I'm a little early for the International Yarn Bombing Day, which is set for June 11, 2012, but I just couldn't resist because the weather was so nice. We don't get all that many really sunny days here. When we do, though, it really reminds me just how beautiful it is.
I'd been eyeing the four big trees in front, which are bare of branches half way up. They are calling out for some big crocheted spide webs or something that I'd like to string between them. Since I don't have enough time to make something that big, I thought I'd start small and just play around down on the beach.
Tuesday, June 5, 2012
Sunday, January 15, 2012
Sometimes, I get inspiration for the shapes or colors for my freeform scarves from things around the house. Lately, that inspiration has come from, of all places, my bathroom. Every time I sit, you can probably guess on what, in the bathroom, I admire the colors and flowing lines of the floor tiles. They mimic stone of some kind and have nice complementary yet contrasting shades of brown, cream, and tan. I wondered if I could create those swirls in freeform and how I might go about it.
I’ve used tile as an inspiration for crocheting before but not for freeform. Tile patterns can make good motifs for, say, afghans. In fact, I think it was Carol Alexander, executive editor of Crochet! magazine, who told me that she once designed an afghan after being inspired by tile in a restroom.
So, I dug into my yarn bins and went back and forth to the bathroom with balls of yarn, laying them on the floor and standing back until I got a nice collection of yarns to match the colors. I couldn’t match them exactly but tried to capture the flavor of the tiles.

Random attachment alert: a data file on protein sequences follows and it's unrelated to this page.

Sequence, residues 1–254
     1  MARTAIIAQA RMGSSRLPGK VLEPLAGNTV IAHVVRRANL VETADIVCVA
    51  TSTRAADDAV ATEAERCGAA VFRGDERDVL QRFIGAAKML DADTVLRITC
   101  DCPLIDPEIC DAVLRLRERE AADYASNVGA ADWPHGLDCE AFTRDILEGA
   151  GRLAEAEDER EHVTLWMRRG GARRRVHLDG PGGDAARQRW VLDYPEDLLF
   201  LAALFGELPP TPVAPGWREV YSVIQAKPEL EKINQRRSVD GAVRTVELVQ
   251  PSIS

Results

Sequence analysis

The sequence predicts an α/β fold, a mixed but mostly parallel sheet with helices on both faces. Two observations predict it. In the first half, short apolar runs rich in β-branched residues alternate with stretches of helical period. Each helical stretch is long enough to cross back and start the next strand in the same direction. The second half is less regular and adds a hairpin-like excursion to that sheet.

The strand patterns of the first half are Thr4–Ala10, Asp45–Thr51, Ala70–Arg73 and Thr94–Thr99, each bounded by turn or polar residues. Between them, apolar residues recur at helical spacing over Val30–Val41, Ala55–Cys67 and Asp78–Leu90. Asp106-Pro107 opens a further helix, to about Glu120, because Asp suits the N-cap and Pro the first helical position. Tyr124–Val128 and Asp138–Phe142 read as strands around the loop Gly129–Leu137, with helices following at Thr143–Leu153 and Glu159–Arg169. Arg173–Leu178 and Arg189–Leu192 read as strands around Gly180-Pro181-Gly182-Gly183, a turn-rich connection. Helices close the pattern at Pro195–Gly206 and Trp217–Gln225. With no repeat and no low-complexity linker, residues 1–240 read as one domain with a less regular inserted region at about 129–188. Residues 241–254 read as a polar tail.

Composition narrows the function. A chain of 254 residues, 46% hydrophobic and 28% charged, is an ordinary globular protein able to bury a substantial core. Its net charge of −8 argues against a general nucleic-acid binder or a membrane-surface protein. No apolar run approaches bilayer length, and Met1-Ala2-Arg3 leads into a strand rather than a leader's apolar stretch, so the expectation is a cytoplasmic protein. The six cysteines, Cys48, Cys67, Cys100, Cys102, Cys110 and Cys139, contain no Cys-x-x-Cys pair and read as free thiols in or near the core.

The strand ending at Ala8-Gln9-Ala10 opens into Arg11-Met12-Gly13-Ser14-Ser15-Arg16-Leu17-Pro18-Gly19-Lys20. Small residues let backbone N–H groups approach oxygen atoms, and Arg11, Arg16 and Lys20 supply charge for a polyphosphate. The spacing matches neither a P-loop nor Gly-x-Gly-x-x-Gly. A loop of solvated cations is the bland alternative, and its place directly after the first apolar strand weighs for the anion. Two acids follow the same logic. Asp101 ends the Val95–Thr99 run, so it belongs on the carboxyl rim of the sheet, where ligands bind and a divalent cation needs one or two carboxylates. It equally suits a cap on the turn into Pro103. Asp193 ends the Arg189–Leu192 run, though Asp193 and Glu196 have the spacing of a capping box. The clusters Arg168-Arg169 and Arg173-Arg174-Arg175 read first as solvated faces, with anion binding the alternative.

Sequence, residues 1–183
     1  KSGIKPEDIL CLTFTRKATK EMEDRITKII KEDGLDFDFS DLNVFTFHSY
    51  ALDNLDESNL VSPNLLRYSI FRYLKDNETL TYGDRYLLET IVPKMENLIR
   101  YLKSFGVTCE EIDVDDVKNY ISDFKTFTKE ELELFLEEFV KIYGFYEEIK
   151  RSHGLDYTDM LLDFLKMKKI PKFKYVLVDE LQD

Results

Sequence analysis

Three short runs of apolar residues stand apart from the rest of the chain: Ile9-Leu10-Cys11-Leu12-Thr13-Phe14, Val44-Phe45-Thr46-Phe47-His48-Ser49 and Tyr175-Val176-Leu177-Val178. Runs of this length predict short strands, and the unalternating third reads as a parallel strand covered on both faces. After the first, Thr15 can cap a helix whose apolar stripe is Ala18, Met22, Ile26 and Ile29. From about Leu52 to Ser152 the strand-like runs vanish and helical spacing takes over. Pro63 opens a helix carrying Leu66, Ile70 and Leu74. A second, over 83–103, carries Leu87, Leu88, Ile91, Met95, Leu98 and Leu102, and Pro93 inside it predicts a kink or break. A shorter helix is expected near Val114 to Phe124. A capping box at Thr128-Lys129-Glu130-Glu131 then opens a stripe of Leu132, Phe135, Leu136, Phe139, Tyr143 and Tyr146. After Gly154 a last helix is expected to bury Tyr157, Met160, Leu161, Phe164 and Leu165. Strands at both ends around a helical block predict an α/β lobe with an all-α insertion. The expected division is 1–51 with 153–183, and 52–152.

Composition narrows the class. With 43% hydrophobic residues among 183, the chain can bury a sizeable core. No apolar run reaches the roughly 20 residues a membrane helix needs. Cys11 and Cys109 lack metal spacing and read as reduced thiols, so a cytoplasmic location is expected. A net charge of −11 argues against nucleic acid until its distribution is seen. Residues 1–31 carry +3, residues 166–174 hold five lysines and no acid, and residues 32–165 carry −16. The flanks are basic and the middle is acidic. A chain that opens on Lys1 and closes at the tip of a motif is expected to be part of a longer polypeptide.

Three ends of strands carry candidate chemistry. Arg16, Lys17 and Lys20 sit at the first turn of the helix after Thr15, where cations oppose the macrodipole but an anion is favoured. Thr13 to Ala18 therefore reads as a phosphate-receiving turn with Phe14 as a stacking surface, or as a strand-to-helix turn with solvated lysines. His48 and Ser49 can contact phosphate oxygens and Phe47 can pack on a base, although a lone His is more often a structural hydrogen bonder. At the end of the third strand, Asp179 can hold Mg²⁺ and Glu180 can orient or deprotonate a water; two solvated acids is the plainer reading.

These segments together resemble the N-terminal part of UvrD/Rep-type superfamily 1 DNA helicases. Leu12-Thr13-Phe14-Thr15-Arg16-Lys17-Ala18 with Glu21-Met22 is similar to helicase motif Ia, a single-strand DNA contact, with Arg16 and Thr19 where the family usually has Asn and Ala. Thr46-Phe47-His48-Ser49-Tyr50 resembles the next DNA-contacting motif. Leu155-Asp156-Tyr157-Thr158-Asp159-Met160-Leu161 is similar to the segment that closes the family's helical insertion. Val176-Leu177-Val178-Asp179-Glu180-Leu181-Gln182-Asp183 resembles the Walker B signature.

|Brown Flower scarf, bathroom tile, |
and River Rock scarf
I made the River Rock scarf first by making a chain and then crocheted along both sides of it. The flowing lines were created using a technique that I think was in a book by Sylvia Cosh. You create a wave effect by crocheting a number of single crochet stitches, then half double crochet, then double crochet, then half double crochet, then back to single crochet. I did this until the scarf was the width I wanted and then added surface stitches using the same wavy lines. While crocheting around the outside edge of the scarf, I sometimes worked a single crochet several rows down, gathering the scarf a little at that spot.
I made the Brown Flower scarf next, using the same yarns, because I really like making flowers and I find it interesting to try making a totally different scarf using the same collection of yarn. I made each flower individually and sewed it to the next in a line. I then crocheted around the entire scarf with a nubby yarn that I’d gotten out to use with the yarns for the River Rock scarf but felt it was too fuzzy for the look I wanted. It worked perfectly, however, with the flowers.
|Pink Granite scarf and Pink Granite Flowers scarf |
with bathroom vanite countertop
Sunday, January 1, 2012
Inspiration for the things I make comes from many sources. I need lots of eye candy to keep my brain moving in new and unexpected directions. Because I’m on a small island with not a lot of places to get eye candy, I often turn to the internet or to books and magazines.
|Soft Peach Convertible From Cowl to Scarf with Color Inspiration|
I use the internet mostly by looking at pictures of other people’s work and fashion photos. I can bookmark pages for inspiration but because I find so many, the bookmarks have quickly gotten overwhelming. Plus, they often go away. Because I don’t have a color printer, printing them isn’t an option unless I’m just looking to the shape or idea of something instead of the color for inspiration.
|Rose Scarves with Several Inspiration Pages and Yarn Used|